Whether you work in advertising, PR, interactive, social, direct or simply general marketing, you must write.
Our new book Marketing in the Round discusses each of these tactics in depth, and how to weave them together. But no matter the integration strategy, marketing a good product or service successfully depends on your ability to write well.
Think about it. Even a video requires a script. Images tell a story, often with captions or short phrases embodied in info graphics. Consider how Hugh McLeod uses captions with his comics to communicate. There’s still a message — words — that he conveys.
Whether it’s a short form like mobile messaging or great ad headlines (“Imported from Detroit”) or long form communications such as speeches and white papers, great marketers write fantastic copy!
Those who want great careers can best ensure continued opportunities by honing their writing skills. Without the fundamentals, there’s little hope of mastering one of the core subsets of marketing — PR, advertising, direct or interactive.
Yes, you can become a great creative. Yes, you can become a master SEO practitioner. Yet it’s like being a basketball player who can pass and rebound, but can’t score.
Sooner or later, if you want to advance in marketing, you must write.
Marketing values great writing, whether it’s stated or not. Even a great strategy must be well communicated to your colleagues.
It’s no coincidence both of us studied English in college. We wish more Communications and Business programs at the university level put a stronger focus on the primary fundamentals of grammar and storytelling. The entire marketing profession would be better for it.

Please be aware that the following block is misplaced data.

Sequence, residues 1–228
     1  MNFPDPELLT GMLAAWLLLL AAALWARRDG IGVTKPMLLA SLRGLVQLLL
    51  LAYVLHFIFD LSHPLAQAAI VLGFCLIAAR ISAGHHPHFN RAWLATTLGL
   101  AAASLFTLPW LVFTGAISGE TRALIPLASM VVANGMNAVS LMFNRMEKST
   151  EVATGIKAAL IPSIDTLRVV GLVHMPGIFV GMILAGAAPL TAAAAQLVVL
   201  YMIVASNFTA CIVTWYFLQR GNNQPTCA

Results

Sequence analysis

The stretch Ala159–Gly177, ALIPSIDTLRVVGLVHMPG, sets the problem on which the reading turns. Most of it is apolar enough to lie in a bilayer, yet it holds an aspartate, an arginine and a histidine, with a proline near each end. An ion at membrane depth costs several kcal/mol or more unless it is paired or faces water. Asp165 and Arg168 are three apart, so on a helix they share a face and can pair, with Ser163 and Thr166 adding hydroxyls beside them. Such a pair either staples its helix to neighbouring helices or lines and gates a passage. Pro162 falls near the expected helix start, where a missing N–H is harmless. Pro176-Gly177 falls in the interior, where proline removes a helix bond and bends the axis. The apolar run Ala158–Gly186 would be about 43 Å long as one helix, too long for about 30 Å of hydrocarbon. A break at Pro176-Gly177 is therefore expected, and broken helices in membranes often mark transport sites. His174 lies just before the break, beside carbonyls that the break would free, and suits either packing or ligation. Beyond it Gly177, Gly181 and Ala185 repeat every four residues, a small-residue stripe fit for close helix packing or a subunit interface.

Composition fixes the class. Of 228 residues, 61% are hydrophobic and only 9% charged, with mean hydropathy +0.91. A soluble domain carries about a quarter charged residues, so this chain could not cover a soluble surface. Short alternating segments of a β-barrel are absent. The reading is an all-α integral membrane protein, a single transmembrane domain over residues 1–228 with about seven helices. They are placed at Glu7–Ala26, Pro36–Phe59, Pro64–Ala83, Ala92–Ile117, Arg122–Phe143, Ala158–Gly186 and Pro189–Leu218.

Styles Beyond Social
So much of today’s marketing conversation revolves around personality and social media engagement. We don’t disagree that these storytelling methods are important.
But we do see them as a method. Style takes many forms. Without understanding how words empower you to choose one style or another for different media, marketers will struggle to master more than one discipline.
One thing we both benefited from was learning to write for different media! How can you challenge yourself to learn a new writing form?
Writing a research report requires a sophisticated arc and the incorporation of data-intense proof points, while still telling stories to compel readers. Compare that to a 50-word print advertisement. Both forms tell stories through different uses of the written word and illustrations despite disparate length.
Comprehending how the written word is used across different media and marketing tactics empowers a marketer to supersede media. Such is the power of words.
Geoff Livingston is an author and marketing strategist, and serves as VP, Strategic Partnerships for Razoo. A former journalist, Livingston continues to write, and most recently he co-authored Marketing in the Round, and authored the social media primer Welcome to the Fifth Estate.
Gini Dietrich is the founder and CEO of Arment Dietrich, a Chicago-based integrated marketing communication ﬁrm. She also is the founder of the professional development site for PR and marketing pros, Spin Sucks Pro and co-author of Marketing in the Round.
Their new book Marketing in the Round shows you how to get more value from all your marketing and communications channels integrated together!
Image via Geoff Livingston/Creative Commons